Ecovolontariat au Pérou: Rapport mensuel
Monthly Update - September 2006
As expected numbers rose again in September enabling a lot of hard work at the centre but also plenty of fun with a trip to the world-famous Tambopata clay-lick (or colpa). With the termination of the collection phase of the turtle project everyone was ready for a bit of a break before putting our fingers back to the grindstone and an ideal escape was a four day expedition up the Tambopata River. Thus with both boats fully loaded we were off!! As with all our previous excursions the plan was to take our time cruising upstream stopping off at "El Gato" (a beautiful waterfall) and a smaller colpa, El Chuncho, before reaching the huge clay lick on the third evening. The late arrival of one of the planes meant that we had to camp on a beach the first night, unable to reach "El Gato", but we stopped off there the next day and from then on all went to plan. Not only was the weather kind but the fauna was co-operative too and it is hard to know where to start.
As far as mammal sightings go there were plenty and perhaps the most bizarre was when some nosy dusky titi monkeys (Callicebus moloch brunneus) got to close while we were eating breakfast and literally fell into our laps!!! I am not sure who was more startled the volunteers or primates!! Elsewhere we saw several capybara, the world's largest rodent, squirrel monkeys and saddleback tamarins but the most amazing sightings were undoubtedly; a Brazilian tapir (Tapirus terrestris) and a group of red howler monkeys (Alouatta seniculus). The colpas did not disappoint either and we treated to five species of macaw (Ara sp.) and numerous parrot/parakeet species at both locations. The trip was a huge success but even after such a great break an enforced long weekend in town meant that volunteers and staff alike were itching to get back to the lodge and there was plenty to do as always.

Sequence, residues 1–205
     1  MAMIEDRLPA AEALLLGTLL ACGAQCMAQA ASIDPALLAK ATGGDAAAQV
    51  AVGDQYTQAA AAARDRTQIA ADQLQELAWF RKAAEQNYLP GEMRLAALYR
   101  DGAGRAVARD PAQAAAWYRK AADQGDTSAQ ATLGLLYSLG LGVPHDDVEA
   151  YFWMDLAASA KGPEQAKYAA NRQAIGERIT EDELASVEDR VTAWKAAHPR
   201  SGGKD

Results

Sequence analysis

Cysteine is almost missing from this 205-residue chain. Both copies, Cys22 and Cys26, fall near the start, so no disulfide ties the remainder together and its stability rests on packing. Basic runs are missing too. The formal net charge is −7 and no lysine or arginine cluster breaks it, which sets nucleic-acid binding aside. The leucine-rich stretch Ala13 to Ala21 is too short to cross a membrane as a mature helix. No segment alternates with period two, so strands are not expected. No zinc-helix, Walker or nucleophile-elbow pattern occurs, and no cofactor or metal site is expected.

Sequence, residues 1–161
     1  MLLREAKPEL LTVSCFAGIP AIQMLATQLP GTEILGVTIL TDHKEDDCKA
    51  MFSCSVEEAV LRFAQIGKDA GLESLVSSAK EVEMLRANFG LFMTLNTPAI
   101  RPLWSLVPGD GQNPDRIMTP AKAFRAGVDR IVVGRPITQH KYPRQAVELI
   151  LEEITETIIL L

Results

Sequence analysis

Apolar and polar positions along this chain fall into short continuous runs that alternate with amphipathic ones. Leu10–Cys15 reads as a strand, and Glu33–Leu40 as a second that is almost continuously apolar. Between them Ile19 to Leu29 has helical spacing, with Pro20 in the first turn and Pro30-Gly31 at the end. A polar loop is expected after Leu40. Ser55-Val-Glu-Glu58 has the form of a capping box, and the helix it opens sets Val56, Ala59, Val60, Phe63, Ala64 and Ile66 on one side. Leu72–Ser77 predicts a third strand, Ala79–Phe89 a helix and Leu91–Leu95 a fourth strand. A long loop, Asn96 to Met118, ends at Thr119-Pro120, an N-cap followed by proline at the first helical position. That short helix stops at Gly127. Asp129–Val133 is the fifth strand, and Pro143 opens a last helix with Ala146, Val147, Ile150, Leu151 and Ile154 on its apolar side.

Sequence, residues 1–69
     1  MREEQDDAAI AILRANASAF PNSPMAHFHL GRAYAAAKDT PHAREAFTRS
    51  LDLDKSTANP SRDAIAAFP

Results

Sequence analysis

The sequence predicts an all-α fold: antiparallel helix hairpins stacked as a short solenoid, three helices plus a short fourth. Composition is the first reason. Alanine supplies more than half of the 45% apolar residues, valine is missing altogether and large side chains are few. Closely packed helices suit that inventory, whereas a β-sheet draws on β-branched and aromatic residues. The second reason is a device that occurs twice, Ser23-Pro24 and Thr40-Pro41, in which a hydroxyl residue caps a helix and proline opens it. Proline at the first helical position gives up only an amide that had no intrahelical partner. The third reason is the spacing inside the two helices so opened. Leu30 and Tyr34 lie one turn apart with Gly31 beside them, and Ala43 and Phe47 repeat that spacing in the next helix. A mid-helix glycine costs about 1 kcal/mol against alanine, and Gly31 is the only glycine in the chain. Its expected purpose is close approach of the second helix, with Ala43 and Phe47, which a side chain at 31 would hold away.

This month in the animal release program it was the turn of the ocelot (Leopardus pardalis) to receive its new enclosure but what I thought would be a relatively easy task turned out to be more problematical than anticipated. The uneven terrain meant that it became very hard to getting the supporting bricks level and even harder to raise the wooden structure on top. Still we did not give up and it became a matter of pride for the volunteers to get the job done properly. As usual they did not disappoint me. Whether they were balancing on beams ten feet above the ground or trying to manoeuvre huge rolls of wire netting, work did not cease and the ridiculously high temperature could not deter either. The result, as I have come to expect, was the completion of the cage in record time and as I write this now the final touches are being completed and the ocelot should be transferred this week.